Comonicon

gith averminaluk ayh juldas mausan urdan

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Roger's magic book for command line interfaces.

ComoniconModule

All the terminals are under my command. Comonicon is a CLI (Command Line Interface) generator that features light-weight dependency (optional to have zero dependency), fast start-up time and easy to use. See the website for more info.

source

Quick Start

The simplest and most common way to use Comonicon is to use @cast and @main.

Missing docstring.

Missing docstring for @main. Check Documenter's build log for details.

Let's use a simple example to show how, the following example creates a command using @main.

using Comonicon
@main function mycmd(arg; option="Sam", flag::Bool=false)
    @show arg
    @show option
    @show flag
end

if you write this into a script file myscript.jl and execute it using

julia myscript.jl -h

You will see the following in your terminal.

myscript-help

If you want to add some description to your command, you can just write it as a Julia function doc string, e.g

using Comonicon

"""
my first Comonicon CLI.
"""
@main function mycmd(arg; option="Sam", flag::Bool=false)
    @show arg
    @show option
    @show flag
end

myscript-help-docstring

but you might also want to have more detailed help message for your CLI arguments and options, you can specify them via doc string:

"""
my command line interface.

# Arguments

- `arg`: an argument

# Options

- `-o, --option`: an option that has short option.

# Flags

- `-f, --flag`: a flag that has short flag.
"""
@main function mycmd(arg; option="Sam", flag::Bool=false)
    @show arg
    @show option
    @show flag
end

This will give a help message looks like below after execute this in myscript.jl via julia myscript.jl

mycmd-option-doc

Now, you can directly use this script from command line in this way. But if you want to make it accessible in shell, should do the following:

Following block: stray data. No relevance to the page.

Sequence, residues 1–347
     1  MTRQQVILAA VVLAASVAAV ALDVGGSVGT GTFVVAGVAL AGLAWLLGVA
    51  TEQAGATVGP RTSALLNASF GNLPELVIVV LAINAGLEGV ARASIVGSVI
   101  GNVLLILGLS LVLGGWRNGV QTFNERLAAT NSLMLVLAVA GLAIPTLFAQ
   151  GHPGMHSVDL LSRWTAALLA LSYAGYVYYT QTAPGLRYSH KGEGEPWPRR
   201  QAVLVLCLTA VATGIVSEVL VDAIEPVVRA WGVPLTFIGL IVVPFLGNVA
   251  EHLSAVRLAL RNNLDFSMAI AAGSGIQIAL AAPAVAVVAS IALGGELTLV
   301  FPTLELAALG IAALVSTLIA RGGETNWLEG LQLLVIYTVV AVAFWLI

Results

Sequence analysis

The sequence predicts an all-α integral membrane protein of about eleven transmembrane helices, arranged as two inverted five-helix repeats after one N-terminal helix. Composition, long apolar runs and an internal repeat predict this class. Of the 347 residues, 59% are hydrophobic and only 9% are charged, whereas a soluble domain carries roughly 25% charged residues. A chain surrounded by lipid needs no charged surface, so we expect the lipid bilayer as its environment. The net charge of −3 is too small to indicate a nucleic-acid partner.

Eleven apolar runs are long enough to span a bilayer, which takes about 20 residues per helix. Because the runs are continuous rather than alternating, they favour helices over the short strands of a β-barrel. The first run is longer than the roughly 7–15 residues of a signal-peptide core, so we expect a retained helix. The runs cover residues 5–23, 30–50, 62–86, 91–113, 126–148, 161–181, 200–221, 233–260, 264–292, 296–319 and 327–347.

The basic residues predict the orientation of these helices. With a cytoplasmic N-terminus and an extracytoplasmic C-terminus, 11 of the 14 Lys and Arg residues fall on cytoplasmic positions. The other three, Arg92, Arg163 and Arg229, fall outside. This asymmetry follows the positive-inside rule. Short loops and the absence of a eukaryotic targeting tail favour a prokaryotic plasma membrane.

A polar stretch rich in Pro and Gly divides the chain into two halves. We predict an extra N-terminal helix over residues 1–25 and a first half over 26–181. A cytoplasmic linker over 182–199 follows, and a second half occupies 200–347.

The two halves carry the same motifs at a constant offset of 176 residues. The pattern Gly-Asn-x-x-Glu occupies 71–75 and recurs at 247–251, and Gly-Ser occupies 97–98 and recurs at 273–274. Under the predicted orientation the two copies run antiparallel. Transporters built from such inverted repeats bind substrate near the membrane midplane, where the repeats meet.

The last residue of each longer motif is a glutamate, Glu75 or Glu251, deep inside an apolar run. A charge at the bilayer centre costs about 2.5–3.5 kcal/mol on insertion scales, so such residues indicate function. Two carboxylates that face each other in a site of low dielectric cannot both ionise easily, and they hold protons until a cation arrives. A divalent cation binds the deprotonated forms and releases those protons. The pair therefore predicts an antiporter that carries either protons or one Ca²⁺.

• create a file without any extension called mycmd
  • copy the script above
  • add the following line on the top of your script mycmd (this is called shebang):
#!<path to your julia executable>

now your mycmd script should look like the following

#!<path to your julia executable>
using Comonicon

"""
my first Comonicon CLI.
"""
@main function mycmd(arg; option="Sam", flag::Bool=false)
    @show arg
    @show option
    @show flag
end
  • now we need to give this file permission via chmod:
chmod +x mycmd
  • you can now execute this file directly via ./mycmd, if you want to be able to execute this cmd directly from anywhere in your terminal, you can move this file to .julia/bin folder, then add .julia/bin to your PATH
export PATH="$HOME/.julia/bin:$PATH"

What's under the hood?

Now let me explain what @main does here. In short it does the following things:

  • parse your expression and create a command line object
  • use this command line object to create an entry (See Conventions section to read about its convention)
  • generate a Julia script to actually execute the command
  • cache the generated Julia script into a file so it won't need to recompile your code again

Developer Recommendations

For simple and small cases, a CLI script is sufficient.

However, for larger projects and more serious usage, one should create a Comonicon CLI project to use the full power of Comonicon. You will be able to gain the following features for free in a Comonicon project:

  • much faster startup time
  • automatic CLI installation
  • much easier to deliver it to more users:
    • can be registered and installed as a Julia package
    • distributable system image build in CI (powered by PackageCompiler)
    • distributable standalone application build in CI (powered by PackageCompiler)